Clean-up is continuing nearly two weeks after a tanker truck spilled more than 8,000 gallons of fuel in Pulaski County, Kentucky.
A fuel spill of this magnitude would have caused problems no matter the location. But the accident on January 30 was in the midst of the Sloans Valley cave system near Somerset, and early tests showed that at least some of the fuel entered the cave.
Kevin Strohmeier is an emergency response coordinator with the Kentucky Department for Environmental Protection. He says since Friday, air tests for volatile organic compounds at cave entrances have been negative. This could mean that all of the fuel that got into the cave has volatilized and evaporated, but Strohmeier says there are still environmental concerns at the spill site.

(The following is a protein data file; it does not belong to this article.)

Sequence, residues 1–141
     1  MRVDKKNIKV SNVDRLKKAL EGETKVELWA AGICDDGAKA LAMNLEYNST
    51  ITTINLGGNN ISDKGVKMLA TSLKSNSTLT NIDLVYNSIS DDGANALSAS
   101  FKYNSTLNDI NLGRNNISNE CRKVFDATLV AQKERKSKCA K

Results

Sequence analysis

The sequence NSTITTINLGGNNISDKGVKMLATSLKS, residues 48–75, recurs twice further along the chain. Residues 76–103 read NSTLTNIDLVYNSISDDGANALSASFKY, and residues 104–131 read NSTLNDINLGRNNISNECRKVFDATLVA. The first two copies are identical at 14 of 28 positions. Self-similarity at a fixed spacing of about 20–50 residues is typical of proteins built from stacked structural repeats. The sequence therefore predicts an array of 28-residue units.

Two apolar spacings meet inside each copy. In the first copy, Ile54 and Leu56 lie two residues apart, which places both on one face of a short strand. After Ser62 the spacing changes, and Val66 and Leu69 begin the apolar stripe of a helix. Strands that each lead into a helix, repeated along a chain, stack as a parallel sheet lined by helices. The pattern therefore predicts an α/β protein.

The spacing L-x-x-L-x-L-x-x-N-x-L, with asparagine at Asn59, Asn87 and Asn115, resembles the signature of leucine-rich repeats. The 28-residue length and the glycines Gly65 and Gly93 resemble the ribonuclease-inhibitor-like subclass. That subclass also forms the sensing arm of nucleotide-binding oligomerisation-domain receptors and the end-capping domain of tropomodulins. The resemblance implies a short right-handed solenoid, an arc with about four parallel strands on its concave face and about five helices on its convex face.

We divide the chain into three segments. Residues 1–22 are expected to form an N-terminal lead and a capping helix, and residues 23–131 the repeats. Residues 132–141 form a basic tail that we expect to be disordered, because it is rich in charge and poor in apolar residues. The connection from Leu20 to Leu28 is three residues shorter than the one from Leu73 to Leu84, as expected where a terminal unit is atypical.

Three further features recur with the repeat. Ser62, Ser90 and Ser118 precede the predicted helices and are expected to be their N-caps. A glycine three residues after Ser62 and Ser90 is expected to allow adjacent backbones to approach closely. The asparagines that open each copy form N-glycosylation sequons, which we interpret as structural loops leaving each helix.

“I think probably just making sure that we try to maintain control of the source and if we can remove it, we do that,” he says. “If we can’t remove it, we monitor it and recover as much of it as possible.”
Strohmeier says he doesn’t yet know if there was any permanent damage done to the cave system by the spill. Caves are very sensitive environments, and wildlife officials have also been monitoring the local bat population. The cave was already closed to spelunkers because of the presence of White Nose Syndrome, but Strohmeier says the added danger posed by the spill means it’s especially important that people stay out.